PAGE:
Monday, 26 November 2012

Major prize for book about Southport shoreline

If you look south off the end of Southport Pier you will view the amazing stretch of shoreline that Jean Sprackland has written about in her book Strands

I got an email this morning from  a supporter of our Save the Libraries campaign attaching a news digest from the Bookseller I noticed that one of the articles was about the Portico Prize for non fiction.which Jean Sprackland has won.As the report says:
Sprackland beat a non-fiction field comprising Simon Armitage, Henrietta Heald, Patricia and Robert Malcolmson, Keith Richardson, Alan Shelston, Chris Wadsworth, Bill Williams, Jeanette Winterson and Keith Wrightson. 

Jean Sprackland used to live in Ainsdale and was a guest at the Literary Festival that is part of the Southport Flower Show this year. The festival was sponsored by Broadhust Books an excellent independent bookseller in the town and which doubtless pay their taxes in full unlike some of the giant online operations I could mention.

The publishers describe her book as:

........the ultimate beachcomber's book. A series of meditations prompted by walking on the wild estuarial beaches of Ainsdale Sands between Blackpool and Liverpool, Strands is about what is lost and buried then discovered, about all the things you find on a beach, dead or alive, about flotsam and jetsam, about mutability and transformation - about sea-change.
Every so often the sands shift enough to reveal great mysteries: the Star of Hope, wrecked on Mad Wharf in 1883 and usually just visible as a few wooden stumps, is suddenly raised one day, up from the depths - an entire wreck, black and barnacled, and on either side two more ruined ships, taking the air for a while before sinking back under the sand.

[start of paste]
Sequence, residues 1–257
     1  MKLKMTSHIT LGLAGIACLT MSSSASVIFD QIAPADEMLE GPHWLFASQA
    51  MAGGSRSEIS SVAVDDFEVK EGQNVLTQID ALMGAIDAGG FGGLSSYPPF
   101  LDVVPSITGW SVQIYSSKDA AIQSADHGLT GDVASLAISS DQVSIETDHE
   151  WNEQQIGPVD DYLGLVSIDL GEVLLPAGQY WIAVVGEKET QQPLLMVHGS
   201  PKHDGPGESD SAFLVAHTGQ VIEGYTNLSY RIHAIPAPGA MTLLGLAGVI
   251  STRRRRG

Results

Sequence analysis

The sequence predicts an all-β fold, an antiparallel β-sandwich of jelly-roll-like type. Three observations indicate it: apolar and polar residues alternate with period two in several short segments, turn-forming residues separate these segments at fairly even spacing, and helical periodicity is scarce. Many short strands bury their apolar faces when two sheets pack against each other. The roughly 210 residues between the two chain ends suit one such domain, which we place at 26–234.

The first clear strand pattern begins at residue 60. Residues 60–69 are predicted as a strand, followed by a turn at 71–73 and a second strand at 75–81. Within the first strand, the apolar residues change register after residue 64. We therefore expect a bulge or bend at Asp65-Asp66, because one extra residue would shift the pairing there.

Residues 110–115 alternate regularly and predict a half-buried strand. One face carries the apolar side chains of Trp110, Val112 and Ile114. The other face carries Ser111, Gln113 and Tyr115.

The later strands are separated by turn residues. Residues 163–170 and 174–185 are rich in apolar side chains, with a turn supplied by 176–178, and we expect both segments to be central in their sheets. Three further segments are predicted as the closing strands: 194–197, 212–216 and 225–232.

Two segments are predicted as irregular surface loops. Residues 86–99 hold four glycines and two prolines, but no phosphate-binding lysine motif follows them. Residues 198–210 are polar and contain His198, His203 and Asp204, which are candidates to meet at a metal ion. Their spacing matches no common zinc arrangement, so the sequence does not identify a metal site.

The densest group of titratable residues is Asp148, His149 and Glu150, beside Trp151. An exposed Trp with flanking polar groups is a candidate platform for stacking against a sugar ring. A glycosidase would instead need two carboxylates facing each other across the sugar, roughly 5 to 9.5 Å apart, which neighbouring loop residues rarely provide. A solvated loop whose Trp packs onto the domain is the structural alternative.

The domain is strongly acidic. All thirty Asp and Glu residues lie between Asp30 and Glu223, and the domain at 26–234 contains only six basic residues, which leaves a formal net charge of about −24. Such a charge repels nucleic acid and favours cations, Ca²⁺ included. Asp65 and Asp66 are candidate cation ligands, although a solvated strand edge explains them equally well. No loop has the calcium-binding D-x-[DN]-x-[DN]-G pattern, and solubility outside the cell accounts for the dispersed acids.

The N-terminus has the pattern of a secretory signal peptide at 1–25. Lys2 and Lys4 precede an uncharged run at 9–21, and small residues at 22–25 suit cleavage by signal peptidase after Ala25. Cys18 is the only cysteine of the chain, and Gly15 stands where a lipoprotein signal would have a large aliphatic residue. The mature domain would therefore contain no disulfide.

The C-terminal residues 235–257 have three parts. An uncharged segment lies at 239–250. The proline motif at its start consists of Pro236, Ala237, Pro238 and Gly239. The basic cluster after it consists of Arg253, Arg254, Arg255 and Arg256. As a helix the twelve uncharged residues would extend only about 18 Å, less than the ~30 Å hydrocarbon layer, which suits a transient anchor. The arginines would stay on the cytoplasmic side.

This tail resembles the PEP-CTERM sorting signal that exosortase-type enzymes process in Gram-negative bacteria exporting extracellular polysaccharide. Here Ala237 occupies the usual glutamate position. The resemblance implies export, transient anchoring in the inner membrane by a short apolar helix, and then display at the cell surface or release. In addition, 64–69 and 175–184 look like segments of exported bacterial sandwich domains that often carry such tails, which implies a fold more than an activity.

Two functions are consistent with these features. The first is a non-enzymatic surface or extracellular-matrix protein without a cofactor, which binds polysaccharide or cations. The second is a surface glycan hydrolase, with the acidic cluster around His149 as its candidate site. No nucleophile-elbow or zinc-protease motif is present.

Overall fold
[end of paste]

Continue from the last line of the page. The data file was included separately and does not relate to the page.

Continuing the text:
And stranger still, perhaps, are the prehistoric footprints of humans, animals and birds on the beach: prints from the Late Mesolithic to mid-Neolithic period which are described as 'ephemeral archaeology' because they are preserved in the Holocene sediment, revealed briefly and then destroyed by the next tide.
Strands describes a year's worth of walking on the ultimate beach: inter-tidal and constantly turning up revelations: mermaid's purses, lugworms, sea potatoes, messages in bottles, buried cars, beached whales and a perfect cup from a Cunard liner. Jean Sprackland, a prize-winning poet and natural storyteller, is the perfect guide to these shifting sands - this place of transformation.

Well worth a read and available from Broadhurst's

No comments:

Post a Comment

I am happy to address most contributions, even the drunken ones if they are coherent, but I am not going to engage with negative sniping from those who do not have the guts to add their names or a consistent on-line identity to their comments. Such postings will not be published.

Anonymous comments with a constructive contribution to make to the discussion, even if it is critical will continue to be posted. Libellous comments or remarks I think may be libellous will not be published.

I will also not tolerate personation so please do not add comments in the name of real people unless you are that person. If you do not like these rules then start your own blog.

Oh, and if you persist in repeating yourself despite the fact I have addressed your point I may get bored and reject your comment.

The views expressed in comments are those of the poster, not me.